Monday, November 26, 2007

TODAY: Citizens to Face Down Commission on Columbia's Eminent Domain Abuse

Date: Mon, 26 Nov 2007 08:02:04 EST
Subject: TODAY: Citizens to Face Down Commission on Columbia's Eminent Domain Abuse

"Small lots will support resilience because they allow many people to attend directly to their needs by designing, building, and maintaining their own environment. By ensuring that property remains in many hands, small lots bring important results: many people make many different decisions, thereby ensuring variety in the resulting environment."
--Anne Vernez Moudon in Built for Change

Manhattanville Preservation Alliance
Former Sheffield Farms Stable
3229 Broadway in Old West Harlem
New York, New York 10027

November 26, 2007 Mary Habstritt, 917-709-5291


EVENT: City Planning Commission SPECIAL MEETING on Manhattanville

TIME/DATE: Monday, November 26, 1:00 p.m.

PLACE: Spector Hall, 22 Reade Street, New York, NY

Residents, business owners, members of community organizations, historians, and activists working against eminent domain abuse will gather to bear witness when the City Planning Commission votes on the fate of Manhattanville. If, as expected, the commission votes for Columbia University’s 197-c re-zoning plan and against the Community Board 9’s 197-a development plan, citizen discontent may boil over.

Columbia’s plan will result in the demolition of 17 acres of late 19th- and early 20th-century low-rise industrial buildings now occupied by a wide range of small businesses, artists, and entrepreneurs. In order to obtain the parcels of private property it does not yet own--one of which is the historic Sheffield Farms Stable--it has called upon the Empire State Development Corporation to exercise eminent domain.

Community Board 9, in addition to creating its own plan for more organic development which would preserve the neighborhood’s streetscapes, historic buildings, affordable housing and small businesses, has specifically asked Columbia to take eminent domain off the table as part of its competing plan. Columbia has refused to do so for commercial property, threatening several small businesses

Within the 17 acres, only three historic buildings are to remain intact. These are the Studebaker Building, the Warrant Nash Building, and the West Market Diner. In spite of plans not to demolish these and Prentis Hall, a former dairy, at the edge of the project zone, no legal protections have been required to protect them in the long-term. To make up for demolition of 17 acres, these significant buildings should be designated as New York City landmarks to protect them from future destruction. The Sheffield Farms Stable should additionally be preserved from the wrecking ball.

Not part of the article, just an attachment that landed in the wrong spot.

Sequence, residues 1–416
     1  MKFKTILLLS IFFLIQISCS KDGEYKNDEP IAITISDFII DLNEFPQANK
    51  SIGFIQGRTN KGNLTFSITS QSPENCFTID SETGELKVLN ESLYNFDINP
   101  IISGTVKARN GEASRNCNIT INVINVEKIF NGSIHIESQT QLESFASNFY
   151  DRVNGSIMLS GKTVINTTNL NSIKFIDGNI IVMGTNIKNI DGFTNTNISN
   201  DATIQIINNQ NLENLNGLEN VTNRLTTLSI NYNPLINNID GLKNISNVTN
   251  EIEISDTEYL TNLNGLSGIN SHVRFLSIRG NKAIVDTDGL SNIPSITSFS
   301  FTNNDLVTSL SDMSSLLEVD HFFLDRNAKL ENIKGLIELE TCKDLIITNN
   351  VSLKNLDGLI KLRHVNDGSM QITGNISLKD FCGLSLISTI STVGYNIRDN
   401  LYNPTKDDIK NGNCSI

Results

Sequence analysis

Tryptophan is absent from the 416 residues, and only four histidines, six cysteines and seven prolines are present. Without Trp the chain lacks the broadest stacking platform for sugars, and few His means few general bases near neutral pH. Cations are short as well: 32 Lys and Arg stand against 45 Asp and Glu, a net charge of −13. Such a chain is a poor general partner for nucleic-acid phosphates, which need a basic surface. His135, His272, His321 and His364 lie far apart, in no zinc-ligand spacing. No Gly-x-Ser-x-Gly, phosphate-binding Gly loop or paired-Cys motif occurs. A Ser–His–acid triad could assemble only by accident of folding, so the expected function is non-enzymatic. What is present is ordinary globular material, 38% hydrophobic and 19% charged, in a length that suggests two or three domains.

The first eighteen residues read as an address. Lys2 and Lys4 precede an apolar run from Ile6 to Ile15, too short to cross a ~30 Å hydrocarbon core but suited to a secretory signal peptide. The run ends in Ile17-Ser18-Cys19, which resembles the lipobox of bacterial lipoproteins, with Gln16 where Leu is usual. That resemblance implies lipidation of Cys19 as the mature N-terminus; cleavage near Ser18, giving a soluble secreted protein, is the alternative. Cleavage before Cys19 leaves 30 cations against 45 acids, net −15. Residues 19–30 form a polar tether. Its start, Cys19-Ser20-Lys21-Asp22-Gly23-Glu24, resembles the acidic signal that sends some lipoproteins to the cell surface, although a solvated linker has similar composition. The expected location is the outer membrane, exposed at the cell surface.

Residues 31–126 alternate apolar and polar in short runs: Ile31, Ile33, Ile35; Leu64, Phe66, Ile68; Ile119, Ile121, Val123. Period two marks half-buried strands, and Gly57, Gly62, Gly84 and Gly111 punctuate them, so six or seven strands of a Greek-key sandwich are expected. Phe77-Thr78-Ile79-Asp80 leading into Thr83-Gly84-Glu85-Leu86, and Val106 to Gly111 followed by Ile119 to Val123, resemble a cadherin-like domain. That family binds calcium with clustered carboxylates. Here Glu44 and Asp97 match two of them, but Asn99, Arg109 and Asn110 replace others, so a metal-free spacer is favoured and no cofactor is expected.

“Despite the University’s public relations claims that its plan preserves the neighborhood’s historic character, this appears to be an entirely specious assertion inasmuch [as] the plan calls for an expansion area devoid of all but four buildings,” said local historian Eric K. Washington, author of Manhattanville: Heart of Old West Harlem, in earlier testimony before the commission. Rather than preserving the neighborhood’s historic character, he said it was akin to chloroforming it.

The agenda for the special meeting is available online at

The Manhattanville Preservation Alliance is a neighborhood-based organization that seeks to identify, document, and designate historic structures in west Harlem. Manhattanville is undergoing major changes that will dramatically change the face of the neighborhood for those who live, work, and own businesses here. Our aim is to ensure that vital connections to the past are retained, through the preservation, re-use, and rehabilitation of the historic buildings that define the character of our neighborhood.

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